Chronic and serious pain is debilitating and should not be minimized.
However, there is troubling evidence that physicians and regulators have failed to properly monitor over-prescribing of powerful and addictive pain medication.
Narcotic painkillers have become among the most widely prescribed drugs in the nation, and people are dying prematurely as a result.
Authorities who should know the depth of the problem were unaware of it – until, that is, the Los Angeles Times offered its findings earlier this month in an article that also appeared in The Bee.
As the article noted, prescription drug overdoses claim more lives than heroin and cocaine combined. The Centers for Disease Control and Prevention has called prescription drug abuse an epidemic.
Reporters Scott Glover, Lisa Girion and Hailey Branson-Potts did the hard work of picking through coroners' records from 2006-11 in Los Angeles, Orange, Ventura and San Diego counties. They identified 1,766 deaths for which the deceased had prescriptions for the drugs that were the sole or contributing causes of death.
They found that 71 physicians wrote prescriptions for drugs that caused or contributed to 298 deaths. Four doctors had 10 or more patients who died of overdoses.
One, Dr. Van H. Vu, a Huntington Beach pain specialist, had the highest number of deaths, 16. Incredibly, Vu was unaware of the damage caused by the narcotic painkillers he had prescribed, until the reporters told him.
A reason for the blind spot is that coroners are not obligated to track down the physicians who prescribe the death-causing pills. Nor are they required to inform the California Medical Board.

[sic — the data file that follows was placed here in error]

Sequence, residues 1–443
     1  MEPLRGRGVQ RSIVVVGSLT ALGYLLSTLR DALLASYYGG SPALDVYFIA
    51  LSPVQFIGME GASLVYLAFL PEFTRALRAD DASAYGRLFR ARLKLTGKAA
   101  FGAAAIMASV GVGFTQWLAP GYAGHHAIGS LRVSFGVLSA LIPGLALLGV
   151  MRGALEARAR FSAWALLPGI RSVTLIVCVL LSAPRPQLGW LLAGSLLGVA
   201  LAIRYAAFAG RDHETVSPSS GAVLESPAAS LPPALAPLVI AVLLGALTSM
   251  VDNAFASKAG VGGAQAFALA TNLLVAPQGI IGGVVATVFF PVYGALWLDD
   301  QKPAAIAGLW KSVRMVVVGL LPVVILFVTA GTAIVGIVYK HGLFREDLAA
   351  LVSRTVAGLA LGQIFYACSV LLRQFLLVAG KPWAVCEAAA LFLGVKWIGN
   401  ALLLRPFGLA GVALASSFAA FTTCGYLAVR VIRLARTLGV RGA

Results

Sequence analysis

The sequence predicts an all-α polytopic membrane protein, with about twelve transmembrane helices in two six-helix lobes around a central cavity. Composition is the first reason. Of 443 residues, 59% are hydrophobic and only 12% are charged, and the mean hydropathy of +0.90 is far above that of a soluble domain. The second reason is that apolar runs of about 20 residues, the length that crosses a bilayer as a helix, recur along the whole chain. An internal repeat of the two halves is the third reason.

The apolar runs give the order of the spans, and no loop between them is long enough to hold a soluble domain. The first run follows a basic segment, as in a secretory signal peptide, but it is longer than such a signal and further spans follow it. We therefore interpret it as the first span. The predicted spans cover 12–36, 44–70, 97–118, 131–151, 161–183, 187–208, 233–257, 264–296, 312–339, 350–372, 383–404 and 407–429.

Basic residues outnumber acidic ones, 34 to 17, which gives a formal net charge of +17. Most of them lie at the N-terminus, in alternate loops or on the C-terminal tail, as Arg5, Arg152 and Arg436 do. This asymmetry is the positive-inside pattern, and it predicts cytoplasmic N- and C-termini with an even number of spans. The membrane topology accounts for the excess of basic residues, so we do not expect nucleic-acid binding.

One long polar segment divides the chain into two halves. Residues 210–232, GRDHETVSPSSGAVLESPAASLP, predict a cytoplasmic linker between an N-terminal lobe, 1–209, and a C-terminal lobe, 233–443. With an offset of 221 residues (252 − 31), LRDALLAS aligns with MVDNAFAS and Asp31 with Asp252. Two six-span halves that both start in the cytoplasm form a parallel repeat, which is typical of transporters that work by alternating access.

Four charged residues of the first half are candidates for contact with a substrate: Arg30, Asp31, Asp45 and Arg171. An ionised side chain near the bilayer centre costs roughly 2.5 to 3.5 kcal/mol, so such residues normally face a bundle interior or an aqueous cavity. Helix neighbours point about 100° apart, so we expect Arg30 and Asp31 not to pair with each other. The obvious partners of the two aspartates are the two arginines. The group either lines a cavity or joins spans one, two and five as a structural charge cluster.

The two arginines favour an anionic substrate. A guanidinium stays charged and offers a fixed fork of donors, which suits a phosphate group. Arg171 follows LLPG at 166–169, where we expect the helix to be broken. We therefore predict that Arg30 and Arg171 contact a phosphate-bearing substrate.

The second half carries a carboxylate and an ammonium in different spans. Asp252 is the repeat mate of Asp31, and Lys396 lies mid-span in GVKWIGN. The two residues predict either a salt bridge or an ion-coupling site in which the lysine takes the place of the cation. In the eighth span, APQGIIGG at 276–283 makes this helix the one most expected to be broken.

Americans are big consumers of pain meds. Fifteen years ago, heavy painkillers were given at the end of life to relieve the pain of cancer and other painful conditions. Now, there are 300 million prescriptions a year of the heroin-like drugs. The increase coincided with heavy advertising and lobbying by pharmaceutical companies.
In Sacramento this year, the Legislature in a bipartisan vote approved Assembly Bill 369, a measure carried by Assemblyman Jared Huffman, D-San Rafael, who was elected to Congress this fall.
The bill sought to streamline the ability of physicians to prescribe painkillers without going through so-called step therapy, in which patients must try lesser methods of pain relief such as over-the-counter remedies.
In legislative hearings, individuals who suffered from severe pain gave emotional testimony. Undoubtedly, they received relief from the pills they ingested and used them responsibly. Nor do we doubt that insurance companies can set up unreasonable barriers.
But drug companies also worked to shape Huffman's legislation. Lobbyists' public disclosures show pharmaceutical giant Pfizer and Purdue Pharma, manufacturer of OxyContin, a chemical cousin of heroin, worked on the bill. The measure would be law but for a veto by Gov. Jerry Brown.
As the Los Angeles Times noted, narcotic pain relievers cause or contribute to nearly three out of four prescription drug overdoses. For every death, 32 overdose victims are treated in emergency rooms.
Clearly, safeguards aren't working. At a minimum, lawmakers need to require county coroners to inform physicians and the medical board of prescription painkiller-related deaths, and authorities need to systematically mine the data to identify physicians who are overprescribing and whose patients are dying.